Month: March 2015

Photos: Germany. Berlin. Oasis. Gallagher.

We kicked the trip off with a few days in Berlin. Everywhere around town we saw Apple billboards promoting their iPhone 6 gallery so this blog is rather fitting.

On our first night, we saw Noel Gallagher. There was a guy wearing the same denim jacket as me. But then he turned around and in a font which I assume was simply called “caligraphy.ttf”, he had stenciled on “ENGLAND MANCHESTER OASIS GALLAGHER”. So not quite the same as mine.

Noel was great. New songs sound excellent live. I Meerkat’ed it which you would have seen if you follow me :)

We also hung out with our good friend Matt; a Minneapolis expat, now living in Berlin. On our last night there, we got to visit his sister’s bar, John Muir. If you’re in town, you should check it out.

We even broke up a bar fight.

Onto Dublin!

Photos: Traveling With An iPhone

Following my recent tips about using an iPhone (or any other phone) to it’s photographic potential, I decided to put it to the test — on my trip home — by traveling sans-DSLR. I wanted the challenge but I’m also going to traveling on a few budget airlines where baggage fees are outrageous and I couldn’t justify the price and weight of carrying a camera bag.

So here goes. Europe on an iPhone 6.

Up next: Berlin.

Meerkat: For The Social Animal In Us

Paul McCartney at Target Field

Paul McCartney somewhere down there at Target Field – summer 2014

Meerkats are small, social animals that live in large underground networks and travel in clans. Sound familiar?

Meerkat — the app — lets you tweet live video and blends the blink-and-you’ll-miss-it spontaneity of Snapchat with a Facebook-esque newsfeed. It’s my favorite new app.

When you start up Meerkat, you’ll connect your Twitter account and that’s it. You can start streaming live video to your followers immediately. They’ll see a tweet with a link to the feed or if they have the app they’ll be alerted via push notification. It’s that simple and it’s the simplicity that makes this app a social gamechanger.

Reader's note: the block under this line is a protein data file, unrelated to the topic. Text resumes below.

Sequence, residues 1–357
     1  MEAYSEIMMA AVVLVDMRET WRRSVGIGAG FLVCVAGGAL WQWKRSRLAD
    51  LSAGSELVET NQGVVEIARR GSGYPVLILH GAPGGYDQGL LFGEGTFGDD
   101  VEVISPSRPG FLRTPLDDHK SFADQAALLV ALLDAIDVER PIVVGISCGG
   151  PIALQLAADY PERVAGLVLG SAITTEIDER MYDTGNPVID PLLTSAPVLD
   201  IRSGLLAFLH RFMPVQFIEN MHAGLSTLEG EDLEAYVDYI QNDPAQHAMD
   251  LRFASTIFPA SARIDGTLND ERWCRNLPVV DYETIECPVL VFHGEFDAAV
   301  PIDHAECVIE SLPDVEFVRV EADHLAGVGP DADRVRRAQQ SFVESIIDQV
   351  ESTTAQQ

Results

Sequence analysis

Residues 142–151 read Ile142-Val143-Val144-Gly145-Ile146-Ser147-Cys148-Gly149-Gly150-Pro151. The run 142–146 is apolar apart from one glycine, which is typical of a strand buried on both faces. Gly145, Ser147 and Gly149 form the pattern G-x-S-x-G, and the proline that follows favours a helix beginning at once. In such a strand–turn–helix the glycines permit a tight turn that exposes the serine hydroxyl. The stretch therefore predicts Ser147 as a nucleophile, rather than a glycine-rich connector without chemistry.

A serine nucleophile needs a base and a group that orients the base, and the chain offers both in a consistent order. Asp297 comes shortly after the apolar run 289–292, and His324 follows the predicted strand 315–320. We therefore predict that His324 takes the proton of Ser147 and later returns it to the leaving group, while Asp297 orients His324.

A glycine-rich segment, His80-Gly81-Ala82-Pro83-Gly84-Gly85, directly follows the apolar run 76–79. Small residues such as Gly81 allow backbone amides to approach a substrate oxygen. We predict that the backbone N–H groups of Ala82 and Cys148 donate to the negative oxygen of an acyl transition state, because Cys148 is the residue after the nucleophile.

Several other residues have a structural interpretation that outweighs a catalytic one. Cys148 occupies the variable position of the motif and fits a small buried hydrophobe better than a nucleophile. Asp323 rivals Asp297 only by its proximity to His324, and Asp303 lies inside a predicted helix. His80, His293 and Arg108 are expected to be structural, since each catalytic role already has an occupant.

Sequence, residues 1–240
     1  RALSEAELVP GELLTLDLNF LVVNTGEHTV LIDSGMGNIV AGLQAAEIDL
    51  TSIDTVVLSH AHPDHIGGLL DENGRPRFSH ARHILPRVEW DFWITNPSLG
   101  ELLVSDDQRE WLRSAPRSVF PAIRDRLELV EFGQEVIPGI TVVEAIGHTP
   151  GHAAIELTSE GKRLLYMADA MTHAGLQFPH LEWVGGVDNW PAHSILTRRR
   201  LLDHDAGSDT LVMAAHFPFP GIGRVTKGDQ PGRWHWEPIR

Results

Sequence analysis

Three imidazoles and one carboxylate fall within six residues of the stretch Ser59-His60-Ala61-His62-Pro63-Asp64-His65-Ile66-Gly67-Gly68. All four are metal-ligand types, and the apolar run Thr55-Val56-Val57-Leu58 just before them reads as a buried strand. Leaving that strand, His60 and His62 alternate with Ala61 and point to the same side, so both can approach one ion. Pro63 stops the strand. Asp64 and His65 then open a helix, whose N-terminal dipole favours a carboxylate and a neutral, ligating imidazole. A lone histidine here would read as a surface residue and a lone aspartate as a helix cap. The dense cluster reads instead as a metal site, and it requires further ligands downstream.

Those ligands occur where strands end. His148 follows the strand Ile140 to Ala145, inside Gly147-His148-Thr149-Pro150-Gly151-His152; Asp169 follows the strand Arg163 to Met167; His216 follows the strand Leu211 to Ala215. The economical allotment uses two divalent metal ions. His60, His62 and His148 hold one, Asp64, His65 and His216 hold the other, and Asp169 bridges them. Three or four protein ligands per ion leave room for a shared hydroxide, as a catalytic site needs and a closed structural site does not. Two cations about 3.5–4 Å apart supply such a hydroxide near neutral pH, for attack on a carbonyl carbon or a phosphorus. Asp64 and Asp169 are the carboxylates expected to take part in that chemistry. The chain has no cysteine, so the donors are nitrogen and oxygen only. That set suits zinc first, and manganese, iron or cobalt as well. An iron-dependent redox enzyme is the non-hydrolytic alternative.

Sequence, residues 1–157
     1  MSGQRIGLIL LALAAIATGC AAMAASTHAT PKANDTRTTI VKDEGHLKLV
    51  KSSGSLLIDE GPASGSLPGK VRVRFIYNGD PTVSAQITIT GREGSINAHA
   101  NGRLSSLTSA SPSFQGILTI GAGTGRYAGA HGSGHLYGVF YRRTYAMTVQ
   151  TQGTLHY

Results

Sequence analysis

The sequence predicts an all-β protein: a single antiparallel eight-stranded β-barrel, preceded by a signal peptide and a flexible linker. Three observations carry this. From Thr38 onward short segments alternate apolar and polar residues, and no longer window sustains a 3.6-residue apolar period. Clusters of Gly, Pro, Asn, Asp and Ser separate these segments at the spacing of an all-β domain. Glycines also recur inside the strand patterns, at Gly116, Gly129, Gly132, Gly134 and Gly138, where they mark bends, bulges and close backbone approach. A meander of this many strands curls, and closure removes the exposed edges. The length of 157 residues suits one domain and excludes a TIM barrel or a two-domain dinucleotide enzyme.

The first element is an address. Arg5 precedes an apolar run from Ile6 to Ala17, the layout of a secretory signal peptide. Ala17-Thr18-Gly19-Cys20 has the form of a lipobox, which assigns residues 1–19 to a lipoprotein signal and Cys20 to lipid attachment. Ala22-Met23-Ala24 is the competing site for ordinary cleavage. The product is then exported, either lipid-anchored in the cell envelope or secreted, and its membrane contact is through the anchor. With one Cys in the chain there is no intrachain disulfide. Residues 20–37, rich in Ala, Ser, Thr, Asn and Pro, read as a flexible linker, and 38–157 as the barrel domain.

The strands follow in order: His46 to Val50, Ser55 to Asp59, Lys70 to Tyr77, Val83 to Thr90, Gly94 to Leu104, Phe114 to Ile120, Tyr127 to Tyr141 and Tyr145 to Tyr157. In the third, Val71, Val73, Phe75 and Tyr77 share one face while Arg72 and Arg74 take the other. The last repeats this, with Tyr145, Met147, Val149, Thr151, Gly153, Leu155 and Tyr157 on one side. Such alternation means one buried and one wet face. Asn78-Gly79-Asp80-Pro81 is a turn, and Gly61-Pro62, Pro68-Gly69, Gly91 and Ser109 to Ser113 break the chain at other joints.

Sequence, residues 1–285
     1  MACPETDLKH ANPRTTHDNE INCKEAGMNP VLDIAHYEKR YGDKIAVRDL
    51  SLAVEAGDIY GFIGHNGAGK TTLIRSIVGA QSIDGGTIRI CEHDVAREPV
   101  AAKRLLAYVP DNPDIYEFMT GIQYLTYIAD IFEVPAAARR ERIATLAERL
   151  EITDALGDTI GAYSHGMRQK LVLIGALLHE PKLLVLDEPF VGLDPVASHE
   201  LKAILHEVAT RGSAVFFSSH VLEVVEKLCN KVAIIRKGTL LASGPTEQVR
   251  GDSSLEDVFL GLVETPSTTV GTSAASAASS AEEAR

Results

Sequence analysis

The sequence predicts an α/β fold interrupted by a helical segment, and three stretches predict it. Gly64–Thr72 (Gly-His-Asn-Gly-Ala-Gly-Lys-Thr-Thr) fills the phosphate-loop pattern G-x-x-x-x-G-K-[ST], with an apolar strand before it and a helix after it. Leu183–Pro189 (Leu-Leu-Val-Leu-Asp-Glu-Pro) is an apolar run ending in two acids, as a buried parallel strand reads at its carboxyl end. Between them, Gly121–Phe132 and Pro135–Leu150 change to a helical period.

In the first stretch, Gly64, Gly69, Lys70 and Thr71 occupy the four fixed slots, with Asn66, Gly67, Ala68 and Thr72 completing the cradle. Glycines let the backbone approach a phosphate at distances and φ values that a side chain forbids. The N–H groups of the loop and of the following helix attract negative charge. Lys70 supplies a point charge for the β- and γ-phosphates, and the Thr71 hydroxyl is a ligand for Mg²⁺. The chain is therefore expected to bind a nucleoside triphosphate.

Five Guys. Oversharing and overeating.

Within “meer” seconds, I was overeating and oversharing

For news, this is huge. Anyone with a decent amount of followers can instantly become an influential reporter. For events, imagine the angles you’d see from a few hundred people live streaming Paul McCartney — probably a lot closer than my vantage point pictured above. Musicians themselves could stream impromptu sessions (I’ve already seen a few people stream themselves karaoke’ing).

Variety says, “right now Meerkat is virgin territory unspoilt by inevitable commercial exploitation”. What happens when brands get their claws on this technology? Coca-Cola has 3 million Twitter followers. Forget about the media buy and send live video to your loyal following. That has a lot of money-making potential.

In the wild, the meerkat lives about six years. The app with the same name might not last that long but live streaming is here to stay; Twitter has supposedly been in talks to buy Periscope. A company that is also pioneering live streaming technologies.

I’ll be playing with this app for the next few weeks so if you want to join my clan, follow me on Twitter and download the app.




The Macbook is the Future of Computing


My mockup: Is this what using the new Macbook will look like?

Following Apple’s “Spring Forward” event, the biggest stand out for me was the introduction of the new Macbook. It truly represents the next generation in computing. It reminded me of the Macbook Air introduction in 2008. Back then, I really wanted the innovative Air but — like the new Macbook — it didn’t have the screen size or horsepower I need from a laptop.

Although it lacks the power of a Pro, the new Macbook is incredibly thin and very light. Of course, being 13.1mm “thick” and weighing in at 2lbs comes at a cost. Namely USB, SD and Thunderbolt.

Following along via the live stream and on Twitter, the gripers did the same thing they always do when Apple remove hardware from a new release: they gripe (granted, it’s ludicrous that Apple is selling a $79 multiport adapter ($10 more than Apple TV)).

In 1998, Apple controversially dropped the floppy drive from the iMac. At the time, PC Pro said: